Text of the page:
Five

The morning was a jewel, and the sun alighted on its every facet. It danced along the quivering blades of grass and splashed itself recklessly across the faces of boulders that stood to meet it. It rippled along the billowing tents at camp, and it glinted off the gentle rapids of the river as they murmured along.

Baultu’u took a deep breath into his massive lungs, gulping down the glittering air. He loved cloudless and bright mornings like this. They made work seem less like toil and more like hobby. He was eager to walk to the river’s edge, pail in hand, and to scoop up her cool waters. The tent needed patching, and that seemed like a fine chore for the afternoon. But first, he thought, he would find Sulma and see if she needed anything.

She was outside, sweeping the ground, her broom kicking up clouds of dust that she would disturb again as soon as they settled. It wasn’t unusual to see her around the encampment “tidying up.” She would dust the ground, the rocks, the bark of trees; she would even thrust the broom into the canopy and dust the leaves. This always brought a shower of them down, which just gave her something else to sweep up.

Always, the all of everything was covered with dust.

The world was constantly shedding its dessicated skin, all of it detritus, and she swept it all into riotous clouds and in the swirls she saw the future. The patterns revealed things to her. So many things. Sad things. Happy things. Small things. Seismic things. Distant things. Impending things.

“Ain’t ever gonna get the outdoors clean,” Baultu’u teased.

She barely looked up but gave a polite laugh. “Who’d want to. I see through the dust.”

As a shaman, Sulma held a high post, but her methods were odd. The others derided her in private, but not Baultu’u. Even when she stopped using her echo, and asked others to do the same, he still found her endearing. Maybe more so. She insisted the echo was just one more thing that could be shed.

“Wondering if there were any chores I could do for you this morning.”

“No, no, no.” She kept sweeping, looking more disturbed with each new plume of dirt she kicked up. “Clouds ain’t kind today. Today’s no day at all for chores.”

“There’s not a cloud in the sky.” He held his arms out and basked in the sunbeams.

“You know what I mean.”

“Come on, now. It’s beautiful.”

“Now, maybe.” She stopped suddenly and pointed to the horizon. “They’re coming.”

“Who?” He squinted but could see nothing.

“But they’re missing so many.”

Still, he saw nothing. “Sulma, what are you on about? You sure I can’t fetch you some water? Build you a fire so you can cook some lunch?”

She smacked him with the broom. “Don’t be a twit. Who could eat? Today’s no day at all for eating.” She swept some more, stirred new storms. “There they are. You see ‘em? There they are,” she said, staring into the gritty vortex.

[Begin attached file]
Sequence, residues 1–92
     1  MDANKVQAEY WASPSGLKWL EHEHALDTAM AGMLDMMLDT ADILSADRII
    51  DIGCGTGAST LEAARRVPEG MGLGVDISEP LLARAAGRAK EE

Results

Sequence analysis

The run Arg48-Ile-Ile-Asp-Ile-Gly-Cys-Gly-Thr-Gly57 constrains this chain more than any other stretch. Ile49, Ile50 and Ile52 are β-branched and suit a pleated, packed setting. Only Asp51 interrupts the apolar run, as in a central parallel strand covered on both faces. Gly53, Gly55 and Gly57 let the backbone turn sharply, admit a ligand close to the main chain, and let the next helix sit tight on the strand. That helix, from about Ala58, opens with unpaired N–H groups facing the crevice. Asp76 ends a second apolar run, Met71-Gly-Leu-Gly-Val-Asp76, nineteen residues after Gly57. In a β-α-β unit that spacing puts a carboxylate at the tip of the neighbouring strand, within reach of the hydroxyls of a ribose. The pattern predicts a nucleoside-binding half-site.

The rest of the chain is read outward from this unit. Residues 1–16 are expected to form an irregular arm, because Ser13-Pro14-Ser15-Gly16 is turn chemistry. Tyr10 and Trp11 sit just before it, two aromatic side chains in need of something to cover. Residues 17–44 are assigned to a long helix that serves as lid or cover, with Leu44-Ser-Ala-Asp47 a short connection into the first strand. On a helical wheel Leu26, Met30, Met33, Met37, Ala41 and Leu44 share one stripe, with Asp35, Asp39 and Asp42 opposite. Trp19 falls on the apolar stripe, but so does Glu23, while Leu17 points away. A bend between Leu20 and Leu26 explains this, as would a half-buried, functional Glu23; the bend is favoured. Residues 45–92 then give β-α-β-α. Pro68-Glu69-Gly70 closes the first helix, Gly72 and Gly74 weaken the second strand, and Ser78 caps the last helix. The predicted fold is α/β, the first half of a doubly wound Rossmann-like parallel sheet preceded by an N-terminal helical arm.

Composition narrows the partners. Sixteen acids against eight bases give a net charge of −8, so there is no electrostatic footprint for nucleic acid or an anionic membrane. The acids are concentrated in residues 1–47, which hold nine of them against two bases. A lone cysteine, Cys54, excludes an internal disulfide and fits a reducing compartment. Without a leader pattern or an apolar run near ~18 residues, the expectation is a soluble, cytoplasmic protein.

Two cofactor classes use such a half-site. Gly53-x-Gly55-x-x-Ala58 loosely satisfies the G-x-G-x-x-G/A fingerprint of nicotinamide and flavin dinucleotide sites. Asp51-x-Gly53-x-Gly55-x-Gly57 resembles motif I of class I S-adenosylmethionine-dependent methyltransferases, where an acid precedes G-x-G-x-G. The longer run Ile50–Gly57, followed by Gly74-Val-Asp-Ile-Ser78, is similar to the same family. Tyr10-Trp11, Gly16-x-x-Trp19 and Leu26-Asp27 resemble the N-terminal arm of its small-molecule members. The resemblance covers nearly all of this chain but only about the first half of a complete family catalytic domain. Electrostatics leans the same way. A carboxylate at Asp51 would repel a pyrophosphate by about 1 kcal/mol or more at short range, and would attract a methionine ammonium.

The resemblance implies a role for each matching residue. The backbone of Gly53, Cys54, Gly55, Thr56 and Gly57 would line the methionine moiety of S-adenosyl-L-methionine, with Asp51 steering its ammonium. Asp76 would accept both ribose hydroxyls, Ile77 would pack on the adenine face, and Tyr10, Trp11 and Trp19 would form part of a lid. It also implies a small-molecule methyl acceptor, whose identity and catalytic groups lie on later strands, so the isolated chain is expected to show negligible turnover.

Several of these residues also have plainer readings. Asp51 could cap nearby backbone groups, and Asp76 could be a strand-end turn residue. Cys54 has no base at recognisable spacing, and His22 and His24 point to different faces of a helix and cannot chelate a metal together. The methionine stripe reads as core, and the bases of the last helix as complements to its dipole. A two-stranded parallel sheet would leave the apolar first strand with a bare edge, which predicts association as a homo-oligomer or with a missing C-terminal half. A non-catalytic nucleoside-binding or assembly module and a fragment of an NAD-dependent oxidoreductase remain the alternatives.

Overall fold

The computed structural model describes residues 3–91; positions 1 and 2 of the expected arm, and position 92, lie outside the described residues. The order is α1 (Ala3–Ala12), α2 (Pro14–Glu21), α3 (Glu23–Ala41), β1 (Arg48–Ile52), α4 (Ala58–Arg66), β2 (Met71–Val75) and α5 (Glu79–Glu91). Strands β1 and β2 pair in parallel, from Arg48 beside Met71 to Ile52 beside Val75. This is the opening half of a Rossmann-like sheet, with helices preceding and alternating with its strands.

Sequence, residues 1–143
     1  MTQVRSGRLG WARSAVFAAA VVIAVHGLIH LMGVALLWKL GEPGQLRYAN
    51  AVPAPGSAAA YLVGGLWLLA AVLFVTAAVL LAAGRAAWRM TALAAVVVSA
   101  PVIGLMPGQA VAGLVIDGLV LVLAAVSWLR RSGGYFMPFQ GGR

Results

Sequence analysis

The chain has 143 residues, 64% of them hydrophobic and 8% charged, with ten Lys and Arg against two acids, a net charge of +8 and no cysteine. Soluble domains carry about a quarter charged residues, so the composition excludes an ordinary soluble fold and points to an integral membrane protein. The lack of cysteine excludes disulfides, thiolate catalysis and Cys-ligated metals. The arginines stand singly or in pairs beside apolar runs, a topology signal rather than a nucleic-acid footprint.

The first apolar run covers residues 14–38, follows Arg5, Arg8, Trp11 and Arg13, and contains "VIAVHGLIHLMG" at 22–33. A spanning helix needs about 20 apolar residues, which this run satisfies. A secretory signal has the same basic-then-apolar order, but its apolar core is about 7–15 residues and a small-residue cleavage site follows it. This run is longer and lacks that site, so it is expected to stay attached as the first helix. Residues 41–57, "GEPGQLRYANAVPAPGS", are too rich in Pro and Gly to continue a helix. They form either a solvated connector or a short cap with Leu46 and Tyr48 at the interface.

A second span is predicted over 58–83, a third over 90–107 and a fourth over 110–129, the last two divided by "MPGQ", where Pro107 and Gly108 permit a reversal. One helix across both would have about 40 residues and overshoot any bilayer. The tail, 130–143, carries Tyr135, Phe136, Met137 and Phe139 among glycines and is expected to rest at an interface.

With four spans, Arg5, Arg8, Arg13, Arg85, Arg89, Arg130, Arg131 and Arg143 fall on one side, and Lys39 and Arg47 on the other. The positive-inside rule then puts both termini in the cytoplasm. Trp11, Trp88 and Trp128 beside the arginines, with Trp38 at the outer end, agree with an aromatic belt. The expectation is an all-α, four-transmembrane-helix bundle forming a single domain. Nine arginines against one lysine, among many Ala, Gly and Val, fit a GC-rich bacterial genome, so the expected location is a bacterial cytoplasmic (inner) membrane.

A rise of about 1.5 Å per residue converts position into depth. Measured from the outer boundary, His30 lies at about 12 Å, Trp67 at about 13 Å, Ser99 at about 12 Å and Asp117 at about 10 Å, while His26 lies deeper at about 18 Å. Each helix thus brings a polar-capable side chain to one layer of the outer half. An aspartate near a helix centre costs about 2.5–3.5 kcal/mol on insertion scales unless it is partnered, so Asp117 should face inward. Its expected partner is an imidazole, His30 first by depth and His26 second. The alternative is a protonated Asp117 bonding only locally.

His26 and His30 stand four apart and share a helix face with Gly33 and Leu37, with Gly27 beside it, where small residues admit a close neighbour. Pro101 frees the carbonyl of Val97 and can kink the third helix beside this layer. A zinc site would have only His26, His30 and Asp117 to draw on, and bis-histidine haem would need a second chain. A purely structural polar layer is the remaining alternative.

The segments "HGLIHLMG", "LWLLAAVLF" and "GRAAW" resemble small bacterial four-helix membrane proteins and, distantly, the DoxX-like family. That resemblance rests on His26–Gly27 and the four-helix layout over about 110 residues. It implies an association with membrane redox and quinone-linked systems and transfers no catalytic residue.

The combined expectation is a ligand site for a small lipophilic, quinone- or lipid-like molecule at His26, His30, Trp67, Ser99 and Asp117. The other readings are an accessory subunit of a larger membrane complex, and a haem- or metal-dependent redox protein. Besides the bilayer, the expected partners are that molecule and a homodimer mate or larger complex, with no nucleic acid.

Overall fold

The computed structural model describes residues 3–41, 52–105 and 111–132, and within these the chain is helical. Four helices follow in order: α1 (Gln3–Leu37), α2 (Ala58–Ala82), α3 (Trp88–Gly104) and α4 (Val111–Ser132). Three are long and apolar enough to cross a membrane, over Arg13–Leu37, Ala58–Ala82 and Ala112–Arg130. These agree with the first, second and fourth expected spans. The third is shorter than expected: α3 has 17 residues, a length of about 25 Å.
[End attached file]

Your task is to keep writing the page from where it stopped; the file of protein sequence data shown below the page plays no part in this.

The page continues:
Sure enough, on the horizon, a line of tiny figures, still indistinct, inched into view. “Who are they?”

“Us. Ours. From the northern encampment. But…they’re missing so many.” Her tone was puzzled. She watched with searing intensity the final particles of dust that fell back to the ground, hoping that in them she would find the disappeared. The earth silently embraced the motes. “So many…dead.” She lurched over as if struck by a club and thrust the broom into the ground to hold herself up.

Baultu’u rushed to her side to support her. “What you mean?”

She looked up and her eyes clutched him with bloodcurdling sympathy. “Karkori’i…Baultu’u, I’m so sorry,” she whispered. “I’m so, so sorry.”

A strange feeling seized his chest. It was as if he had been instantly hollowed out. Gone. It was gone.

“Hold on, Sulma,” he said. “We don’t know nothin’ yet. Just need to wait.”

She gripped his arm and shook her head and he knew. Her eyes closed as a new vision struck her. “And Akura’a…”

“No.”

“No. You’re right. No. She isn’t dead.” Heavy tears began to drift from her eyes, running down the gulleys of her pebbled cheeks. “Worse, Baultu’u. I’m so sorry.”

“You’re not making any sense, Sulma.”

“She isn’t dead. But she isn’t with them. She’s gone.”

His knees began to buckle, and he wasn’t sure he would be able to hold her up any longer. “What do you mean?”

“She deserted.” Her whisper was frenzied, and it came out a bristling hiss. “She’s gone, Baultu’u. She ran.”

The hollow in his chest filled as quickly as it had emptied. In the vacuum, a new feeling mineralized–jagged resentment, obsidian anger.

“She wouldn’t. She was one of our strongest. One of our best.”

Sulma finally righted herself. She wiped the tears from her face and prepared to sweep again, but it wasn’t necessary. She knew. They both knew. The future was certain. “She ran, Baultu’u. We both know what the Codes say. They’ll send a Retriever. They’ll have her head.”

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